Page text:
Melbourne has proved itself a global trendsetter with its innovative laneway transformations, a conference has heard.
Darryl Condon, Managing Principal of Canadian public sector sport and recreation specialist HCMA Architecture + Design, says Melbourne is leading the world with its laneways, and has provided the inspiration for a series of transformations in Vancouver.
Mr Condon told a conference that the built environment and urban design can remove barriers to public participation and engagement, and drive active communities.
“It’s about changing the way that we think about our ability to have an impact, and changing the way that we think about the city around us,” he told the National Sports Convention in Melbourne in Wednesday.
This means looking beyond the confines of traditional sports facilities, he said, citing Melbourne’s laneway transformations as a powerful way of shaping cities differently.
“I believe that Melbourne is world-leading in terms of recognising the potential and value of using these laneways as public space. It’s exactly the type of public spaces that we need,” Mr Condon told Government News after addressing the conference.
“I’ve studied them, and I’ve looked at them and we’ve been inspired by them. To see them and to experience them first hand has been really wonderful.”
Mr Condon said his hometown of Vancouver had taken the lead from Melbourne in transforming its own laneways in partnership with local authorities and the business community.
“The traditional back lane in Vancouver is about service, it’s about garbage collection, it’s about drug transactions,” he said.
“We looked to Melbourne as the best example of how to think about their potential.
“We had a minimal budget, so we used paint and sporting equipment like basketball hoops and portable soccer nets. We transformed a dull and drab lane using very simple economic means of colour and sport and activity to bring energy and activity to it.”
Since the first experiment two more Vancouver lanes have undergone a transformation and they are now among the city’s most popular instragam locations.
The laneways have also created safe places for people to participate fully in their communities, Mr Condon said. They have resulted in an increase in foot traffic, and there has been a 50 per cent increase in use by women.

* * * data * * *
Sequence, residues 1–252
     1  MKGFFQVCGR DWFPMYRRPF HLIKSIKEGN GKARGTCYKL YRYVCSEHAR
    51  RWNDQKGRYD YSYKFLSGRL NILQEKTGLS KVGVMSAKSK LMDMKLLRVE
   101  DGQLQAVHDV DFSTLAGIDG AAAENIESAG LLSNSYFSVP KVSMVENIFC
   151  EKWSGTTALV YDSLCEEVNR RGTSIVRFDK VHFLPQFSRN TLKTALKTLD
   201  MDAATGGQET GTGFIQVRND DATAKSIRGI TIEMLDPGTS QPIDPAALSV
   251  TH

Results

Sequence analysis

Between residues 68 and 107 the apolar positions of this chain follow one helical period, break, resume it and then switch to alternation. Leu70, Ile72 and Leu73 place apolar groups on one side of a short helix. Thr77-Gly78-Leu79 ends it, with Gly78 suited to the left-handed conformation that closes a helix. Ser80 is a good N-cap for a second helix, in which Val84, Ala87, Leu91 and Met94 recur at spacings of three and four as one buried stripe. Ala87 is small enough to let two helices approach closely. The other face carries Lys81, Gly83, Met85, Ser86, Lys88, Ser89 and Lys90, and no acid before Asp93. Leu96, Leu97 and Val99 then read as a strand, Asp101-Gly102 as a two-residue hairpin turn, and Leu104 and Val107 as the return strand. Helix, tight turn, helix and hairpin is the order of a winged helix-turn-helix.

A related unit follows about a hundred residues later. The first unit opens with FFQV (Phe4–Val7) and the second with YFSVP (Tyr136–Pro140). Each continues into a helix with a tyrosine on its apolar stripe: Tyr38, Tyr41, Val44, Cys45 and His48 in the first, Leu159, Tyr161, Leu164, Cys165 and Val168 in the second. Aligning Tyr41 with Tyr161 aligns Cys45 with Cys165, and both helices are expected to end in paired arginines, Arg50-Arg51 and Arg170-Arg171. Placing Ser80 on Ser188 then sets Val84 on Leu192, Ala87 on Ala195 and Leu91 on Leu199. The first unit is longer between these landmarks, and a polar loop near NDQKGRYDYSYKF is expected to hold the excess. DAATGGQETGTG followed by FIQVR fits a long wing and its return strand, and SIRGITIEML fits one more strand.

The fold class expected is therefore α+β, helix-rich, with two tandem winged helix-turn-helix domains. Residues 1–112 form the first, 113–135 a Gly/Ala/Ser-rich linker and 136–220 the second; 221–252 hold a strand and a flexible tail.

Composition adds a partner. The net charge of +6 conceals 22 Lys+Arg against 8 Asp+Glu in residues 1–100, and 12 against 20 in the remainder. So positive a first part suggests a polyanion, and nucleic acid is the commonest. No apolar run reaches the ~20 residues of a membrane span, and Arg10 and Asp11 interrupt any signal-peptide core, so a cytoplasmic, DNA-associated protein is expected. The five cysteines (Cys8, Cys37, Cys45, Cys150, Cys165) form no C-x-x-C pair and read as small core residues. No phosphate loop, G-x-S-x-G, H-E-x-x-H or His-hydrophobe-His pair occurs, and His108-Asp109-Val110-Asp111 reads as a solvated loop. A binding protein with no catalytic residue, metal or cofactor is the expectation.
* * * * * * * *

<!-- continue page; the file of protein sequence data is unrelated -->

Oslo’s Sorenga Sjobad Seawater Pool is a recreational area with a floating promenade, cafes, restaurants and outdoor spaces.
“On one level it’s about sport and recreation because you swim there, but most people are just there to socialise and participate in their community,” Mr Condon says.
“The social energy and social value of that place far outweighs its described purpose of being a platform for swimming. “
Similarly, the The Loyly Sauna on Helsinki’s waterfront is a traditional wellness facility, but it has been integrated into the urban fabric with food and hospitality.
Mr Condon describes these facilities as “hybrids”, or informal activity spaces that are integrated into a city.
Copenhagen, meanwhile, incorporates parkour facilities and urban trampolines in its urban landscape in ways that challenge the norms around public spaces.
“They are transforming public spaces using the language of sport and activity, but not in any way following the constraints of those activities,” Mr Condon says.
HCMA also engages creative minds in the urban design process and this has resulted in the use of Vancouver buildings as “vertical dance” venues, and the placing of large inflatable structures in public places for people to randomly interact with.
Banishing white elephants
Creative approaches to sports facilities also extend to the creative use of competitive venues, like the former Vancouver Olympic Centre, which hosted curling at the 2010 Winter Games.
After the Olympics the venue was converted into a multi-purpose recreation centre with a community ice rink, and aquatic centre, playgrounds, a childcare centre, dance studio and library.
“At the end of the day it wasn’t left as a white elephant, but something that was truly integrated into the city,” Mr Condon said.
He said local authorites who want to foster active and engaged communities need to resist the “organisational inertia” that favours the status quo, take chances and not be afraid to make mistakes.
“The first thin local governments can do is make a commitment to think about cities differently,” he said.
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